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Nan's Trying it Again 2019 Veggie Garden

Last summer (2018), was my fifth year trying to garden at the local Community Gardens.  I really gave it the old college try, but, when my uphill garden neighbor put down rubber roofing for weed block and it rained 14" in a space of 10 days, it became very apparent THAT location was not for me.
Originally, I ended up at the Community Gardens because I live in a wooded area and have to contend with shade issues and lots of forest critters, especially whitetail deer.  I've tried gardening in the dirt, along with raised beds, but finally conceded to those critters and ended up growing in containers on our deck.  Don't let anyone fool you....whitetail deer will eat ANYTHING if they are hungry enough.  Here's proof.  This is a 12-foot holly tree next to my home that was wrapped in 3/4" grid bird netting this winter.

And a crabapple tree that my late Dad planted from a sucker off my grandmother's crabapple. Notice all four feet are off the ground.

So, after the moron and the monsoon at the Community Gardens, I relinquished my two 30'x30' plots.  And, last fall, we did a massive landscape project in the front yard, removing 7 huge tulip poplar and oak trees.  Where there was shade, now there is NONE!  After 26 years, I have sun!  So, I set to create my garden.  A deer- and critter-proof garden.  Here is what happened this week:
Garden Enclosure.jpg

We basically have no dirt, so this is a container garden.  If you want to plant something here, get ready to move shale, clay and rocks.  And buy dirt.  So, I asked for dirt for Christmas.
What you're looking at is a modified golf cage.  Since everything is visible from the street, there's a pretty end and a business end.  Up front is a 6'x6' entrance containing a couple of attractive planters and trellises, followed by 2'x4' raised beds and, behind that is another 8'x10' area that joins the front one.  That's Phase I.  Phase II will be another attached 8'x10' area in the back.  Everything is covered in 750 pound deer netting with hardware cloth around the base of the perimeter.  The top of the fence is tensioned by cable ties that extend from the top horizontal to the top of the net, where a shade cloth grip is fastened in case that becomes an eventuality this summer.  Outside the rear of the cage is where my small cold frame has been moved, along with a 2Hx3Wx2dD "nursery" enclosure sitting on hardware cloth and wrapped with bird netting, which will eventually be covered with a frost blanket and shade cloth, to harden off this year's starts.  The whole area has a southwest exposure, so it gets pretty intense come August. 
All in all, I'm pretty excited and pleased with how everything's coming together.  I want a useful garden, but it needs to look nice, too.  When all the i's are dotted and tee's crossed, all the structure above ground level will be painted a flat black that will blend in a lot better than shiny EMT conduit pipe.  There's an area to the left of the front gate that I sprayed yesterday, just to see how it would look.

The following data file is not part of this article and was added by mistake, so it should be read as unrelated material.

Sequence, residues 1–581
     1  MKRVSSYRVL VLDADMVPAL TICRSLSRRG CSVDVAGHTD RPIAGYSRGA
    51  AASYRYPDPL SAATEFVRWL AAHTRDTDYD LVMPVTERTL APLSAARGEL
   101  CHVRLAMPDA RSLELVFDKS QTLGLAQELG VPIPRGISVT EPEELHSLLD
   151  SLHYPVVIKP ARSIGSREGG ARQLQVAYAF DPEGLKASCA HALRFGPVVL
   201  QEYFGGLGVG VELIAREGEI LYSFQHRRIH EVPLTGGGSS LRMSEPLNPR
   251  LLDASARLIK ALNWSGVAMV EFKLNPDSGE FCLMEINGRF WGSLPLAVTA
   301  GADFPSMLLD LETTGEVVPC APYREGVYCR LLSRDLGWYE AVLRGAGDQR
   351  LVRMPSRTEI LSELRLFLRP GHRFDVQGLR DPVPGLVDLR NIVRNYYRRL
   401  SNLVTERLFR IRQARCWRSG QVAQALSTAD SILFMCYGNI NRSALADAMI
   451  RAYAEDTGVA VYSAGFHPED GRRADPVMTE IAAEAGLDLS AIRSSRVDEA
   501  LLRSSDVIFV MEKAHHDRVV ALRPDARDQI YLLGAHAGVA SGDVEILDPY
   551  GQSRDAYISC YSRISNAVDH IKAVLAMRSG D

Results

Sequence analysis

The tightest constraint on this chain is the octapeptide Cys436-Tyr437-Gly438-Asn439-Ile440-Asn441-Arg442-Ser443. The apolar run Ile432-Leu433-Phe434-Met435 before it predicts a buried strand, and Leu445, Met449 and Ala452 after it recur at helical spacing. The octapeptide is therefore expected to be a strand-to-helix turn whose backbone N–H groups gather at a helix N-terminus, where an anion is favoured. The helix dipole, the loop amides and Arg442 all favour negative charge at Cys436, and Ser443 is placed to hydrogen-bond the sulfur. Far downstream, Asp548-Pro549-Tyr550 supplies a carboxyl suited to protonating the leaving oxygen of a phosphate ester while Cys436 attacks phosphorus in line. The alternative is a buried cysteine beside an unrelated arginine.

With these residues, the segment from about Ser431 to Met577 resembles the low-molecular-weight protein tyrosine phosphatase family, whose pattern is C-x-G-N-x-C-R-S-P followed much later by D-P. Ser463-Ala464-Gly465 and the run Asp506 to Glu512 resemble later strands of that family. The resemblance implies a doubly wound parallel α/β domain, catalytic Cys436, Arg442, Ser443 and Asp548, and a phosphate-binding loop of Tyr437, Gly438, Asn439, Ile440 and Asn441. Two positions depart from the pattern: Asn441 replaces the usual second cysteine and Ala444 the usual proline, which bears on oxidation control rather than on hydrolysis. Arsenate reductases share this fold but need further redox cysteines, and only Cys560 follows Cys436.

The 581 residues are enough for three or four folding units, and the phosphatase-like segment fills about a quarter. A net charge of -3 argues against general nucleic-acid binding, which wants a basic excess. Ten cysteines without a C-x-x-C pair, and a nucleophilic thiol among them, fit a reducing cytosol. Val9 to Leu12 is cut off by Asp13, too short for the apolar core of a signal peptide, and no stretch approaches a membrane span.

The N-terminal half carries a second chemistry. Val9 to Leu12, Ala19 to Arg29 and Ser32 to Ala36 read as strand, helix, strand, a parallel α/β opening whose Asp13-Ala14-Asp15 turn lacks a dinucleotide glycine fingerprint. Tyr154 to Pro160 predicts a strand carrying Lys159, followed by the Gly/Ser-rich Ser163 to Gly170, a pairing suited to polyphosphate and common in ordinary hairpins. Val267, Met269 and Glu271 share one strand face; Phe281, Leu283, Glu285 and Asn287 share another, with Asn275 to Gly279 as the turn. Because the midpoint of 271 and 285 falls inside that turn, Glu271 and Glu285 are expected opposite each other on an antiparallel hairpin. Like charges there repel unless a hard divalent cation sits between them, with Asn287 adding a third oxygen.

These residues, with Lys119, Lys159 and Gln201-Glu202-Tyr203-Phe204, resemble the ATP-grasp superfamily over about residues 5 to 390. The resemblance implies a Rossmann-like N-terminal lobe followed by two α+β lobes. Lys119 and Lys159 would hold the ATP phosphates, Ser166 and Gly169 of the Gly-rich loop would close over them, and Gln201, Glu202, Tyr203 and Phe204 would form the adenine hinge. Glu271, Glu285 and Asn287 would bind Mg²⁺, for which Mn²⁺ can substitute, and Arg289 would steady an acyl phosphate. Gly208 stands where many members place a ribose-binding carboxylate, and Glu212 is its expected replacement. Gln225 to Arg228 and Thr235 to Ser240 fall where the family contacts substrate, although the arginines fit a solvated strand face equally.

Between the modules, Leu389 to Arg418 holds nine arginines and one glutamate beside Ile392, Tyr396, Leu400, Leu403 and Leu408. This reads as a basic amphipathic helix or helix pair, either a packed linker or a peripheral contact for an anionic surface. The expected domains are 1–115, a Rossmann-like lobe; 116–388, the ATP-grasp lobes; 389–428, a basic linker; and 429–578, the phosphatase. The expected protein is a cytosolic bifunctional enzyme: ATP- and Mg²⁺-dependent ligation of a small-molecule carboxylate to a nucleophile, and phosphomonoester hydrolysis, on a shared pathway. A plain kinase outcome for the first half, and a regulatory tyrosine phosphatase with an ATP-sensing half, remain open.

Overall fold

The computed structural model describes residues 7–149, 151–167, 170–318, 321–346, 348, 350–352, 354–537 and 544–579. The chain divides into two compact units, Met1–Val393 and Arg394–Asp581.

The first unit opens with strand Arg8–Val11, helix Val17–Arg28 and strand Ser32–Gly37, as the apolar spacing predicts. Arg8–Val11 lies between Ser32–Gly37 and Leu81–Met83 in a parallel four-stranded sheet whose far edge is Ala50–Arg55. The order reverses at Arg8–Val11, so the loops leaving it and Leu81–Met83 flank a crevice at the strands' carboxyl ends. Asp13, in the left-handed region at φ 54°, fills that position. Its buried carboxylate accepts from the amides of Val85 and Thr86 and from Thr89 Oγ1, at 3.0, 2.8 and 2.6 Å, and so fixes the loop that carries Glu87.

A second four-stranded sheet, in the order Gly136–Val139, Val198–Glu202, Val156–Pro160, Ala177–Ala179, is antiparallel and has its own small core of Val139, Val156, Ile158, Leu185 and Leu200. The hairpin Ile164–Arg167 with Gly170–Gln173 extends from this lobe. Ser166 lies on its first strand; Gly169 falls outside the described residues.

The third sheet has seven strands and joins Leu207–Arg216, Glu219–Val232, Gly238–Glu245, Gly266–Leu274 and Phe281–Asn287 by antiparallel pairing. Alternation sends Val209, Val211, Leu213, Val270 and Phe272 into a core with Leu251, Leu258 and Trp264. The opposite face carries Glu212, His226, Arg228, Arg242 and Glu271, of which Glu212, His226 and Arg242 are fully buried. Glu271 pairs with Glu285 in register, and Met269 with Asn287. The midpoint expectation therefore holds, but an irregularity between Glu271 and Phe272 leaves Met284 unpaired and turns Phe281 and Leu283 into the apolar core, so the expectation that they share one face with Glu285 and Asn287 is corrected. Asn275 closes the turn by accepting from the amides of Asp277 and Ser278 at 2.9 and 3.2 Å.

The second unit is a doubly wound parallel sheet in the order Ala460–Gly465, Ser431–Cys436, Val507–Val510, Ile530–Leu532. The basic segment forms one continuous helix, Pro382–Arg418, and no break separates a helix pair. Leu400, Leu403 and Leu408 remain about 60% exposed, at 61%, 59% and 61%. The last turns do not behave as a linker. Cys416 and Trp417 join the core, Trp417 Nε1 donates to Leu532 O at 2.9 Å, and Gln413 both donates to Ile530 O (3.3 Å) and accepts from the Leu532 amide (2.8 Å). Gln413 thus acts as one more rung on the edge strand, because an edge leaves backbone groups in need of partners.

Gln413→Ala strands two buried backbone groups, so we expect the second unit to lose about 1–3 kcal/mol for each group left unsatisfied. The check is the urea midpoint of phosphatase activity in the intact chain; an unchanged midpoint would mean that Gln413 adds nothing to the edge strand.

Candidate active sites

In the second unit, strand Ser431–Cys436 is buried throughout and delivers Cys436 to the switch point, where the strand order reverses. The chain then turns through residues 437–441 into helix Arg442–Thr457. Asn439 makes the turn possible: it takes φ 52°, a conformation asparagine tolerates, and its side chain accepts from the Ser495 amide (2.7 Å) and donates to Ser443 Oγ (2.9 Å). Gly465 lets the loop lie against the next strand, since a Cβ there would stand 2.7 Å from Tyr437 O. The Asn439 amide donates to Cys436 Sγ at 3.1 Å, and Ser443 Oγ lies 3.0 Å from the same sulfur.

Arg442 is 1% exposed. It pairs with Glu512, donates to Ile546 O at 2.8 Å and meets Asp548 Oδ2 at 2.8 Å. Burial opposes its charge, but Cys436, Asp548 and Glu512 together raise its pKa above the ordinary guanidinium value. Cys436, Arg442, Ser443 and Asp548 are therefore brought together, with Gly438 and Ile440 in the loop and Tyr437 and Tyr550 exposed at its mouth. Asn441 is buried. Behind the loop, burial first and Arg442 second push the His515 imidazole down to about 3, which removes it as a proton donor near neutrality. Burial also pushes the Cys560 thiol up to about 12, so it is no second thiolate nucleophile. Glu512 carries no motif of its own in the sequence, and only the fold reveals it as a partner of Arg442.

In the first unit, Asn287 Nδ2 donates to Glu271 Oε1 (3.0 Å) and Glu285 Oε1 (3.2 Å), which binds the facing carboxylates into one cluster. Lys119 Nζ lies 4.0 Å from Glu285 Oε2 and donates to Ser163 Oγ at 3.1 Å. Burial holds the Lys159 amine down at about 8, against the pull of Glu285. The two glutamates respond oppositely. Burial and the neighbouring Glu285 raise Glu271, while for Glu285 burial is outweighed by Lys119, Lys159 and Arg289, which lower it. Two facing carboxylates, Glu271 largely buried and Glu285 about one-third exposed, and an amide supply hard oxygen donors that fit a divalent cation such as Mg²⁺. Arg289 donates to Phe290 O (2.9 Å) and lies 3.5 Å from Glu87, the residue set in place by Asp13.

So, that's my garden this year!  I am so stoked to be able to grow at home.  Speaking of growing, I have some onions starts that need to be planted!
Looking VERY GOOD there. It should all fall into place nicely. Whats up with all that animosity towards Bambi? They just want to be snackin a little![emoji6][emoji848] Anyway, good luck.
Thanks! As for Bambi, yeah, those critters can be destructive. I live 10 miles north of the state capital and the township is undergoing massive development. The deer, not to mention black bear and red foxes, are being pushed out of their habitat into residential areas already developed. Their numbers are climbing and their health is failing. Chronic wasting disease is becoming the norm and not the exception. It's really a sad commentary on a problem created by man.
Soooooooooo, I decided to grow a new variety of tomato, "W," from the University of Florida, and was able to get one of the transplants to root in some hydroponic solution. What do I do at this point? I've got hydroton and invested in what I'll call a " top hat" from the local hydroponics store that fits on a 5 gallon bucket. Do I fill the bucket with solution so that the bottom of the roots are in the solution? It's going to be at least 2 weeks until I can get the thing out doors permanently, and I don't want to be hauling around a 5 gallon bucket of solution. Can I grow it in a smaller container and move it to a larger one later?


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The kids have been out on the deck hardening off for a few days, but we are expected to have some nights in the forties. I haven't decided if I'm going to drag them back in or just try to protect them outside.


Also, here are the NuMex Suave Orange peppers I started last fall, took to Florida, and brought back.


Along with a Garden Gem tomato, that traveled to Florida also. It's my first time trying an indoor grow of a tomato, and I've been harvesting for about a month now. (Pats self on the back.)




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Well, it looks like I didn't calculate my plant out date correctly. May 7th is what I was shooting for, but now they're forecasting high 30s for Sunday night. I don't think even a couple of layers of Agribon is going to cut it.


This outside mini greenhouse is going to have to be set up with a heat source because I don't have enough room inside under the lights for everything!